Friday, 10 October 2014
Thursday, 9 October 2014
In this sequence of photos I captured a gull getting territorial over a rock near the Whakatane Rivermouth. A white-faced Heron had landed on the rock and the gull took exception to it and started a swooping attack on the Heron. There was only so much the heron was going to take though and after what was essentially only a few seconds the heron started to fight back. In the final image I'm not sure if the heron was chasing the gull or just leaving the premises.
Wednesday, 8 October 2014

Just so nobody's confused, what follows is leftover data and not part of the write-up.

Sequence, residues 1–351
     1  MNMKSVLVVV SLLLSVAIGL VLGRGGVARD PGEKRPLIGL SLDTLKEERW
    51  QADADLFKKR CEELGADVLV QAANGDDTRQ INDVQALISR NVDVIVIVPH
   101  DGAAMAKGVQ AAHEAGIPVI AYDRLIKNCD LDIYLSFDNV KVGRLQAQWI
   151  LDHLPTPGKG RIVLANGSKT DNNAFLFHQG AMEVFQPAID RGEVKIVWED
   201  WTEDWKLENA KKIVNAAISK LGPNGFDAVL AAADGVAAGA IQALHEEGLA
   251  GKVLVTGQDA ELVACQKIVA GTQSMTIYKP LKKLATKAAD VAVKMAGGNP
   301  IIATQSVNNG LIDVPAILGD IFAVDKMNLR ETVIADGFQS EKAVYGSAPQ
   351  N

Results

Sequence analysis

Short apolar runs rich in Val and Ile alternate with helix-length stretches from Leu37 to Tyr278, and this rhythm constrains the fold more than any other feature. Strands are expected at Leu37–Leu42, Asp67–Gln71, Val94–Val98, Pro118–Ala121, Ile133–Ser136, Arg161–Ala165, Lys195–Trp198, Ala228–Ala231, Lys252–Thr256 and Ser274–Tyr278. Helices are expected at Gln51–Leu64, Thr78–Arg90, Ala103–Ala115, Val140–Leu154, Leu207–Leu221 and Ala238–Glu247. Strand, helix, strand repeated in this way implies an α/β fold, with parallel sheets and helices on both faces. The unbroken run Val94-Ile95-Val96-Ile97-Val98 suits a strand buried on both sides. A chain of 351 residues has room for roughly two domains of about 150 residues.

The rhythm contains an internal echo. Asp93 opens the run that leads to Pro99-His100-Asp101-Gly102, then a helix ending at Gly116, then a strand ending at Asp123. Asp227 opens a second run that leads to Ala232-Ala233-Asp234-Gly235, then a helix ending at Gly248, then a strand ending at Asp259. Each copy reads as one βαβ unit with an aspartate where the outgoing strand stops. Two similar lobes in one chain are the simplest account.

The past week I have become enchanted with Kingfishers. They've always been an elusive subject but with my new camera and 150-600mm lens I finally feel like I can do them justice. A breeding pair of them feed at low tide in an area near the childrens playground at the Whakatane Heads, the male brightly coloured and bolder in attitude too. Their main food source right now is crabs which they are catching in abundance. They catch the crab in their substantially sized beak and the first mission is to break enough of its legs to enable it to be swallowed. This they do by bashing the crab violently against a rock. I have photographed this action and noticed that while they are doing this the nictitating membrane covers the eye to protect it. This is a translucent membrane that acts as a third eyelid to protect the birds eye, in this case protection from flying crabs legs! It accounts for the strange look in the kingfishers eye in photo number 4 and gives the appearance that the bird is blind. I can assure you this is not the case and they have excellent eyesight!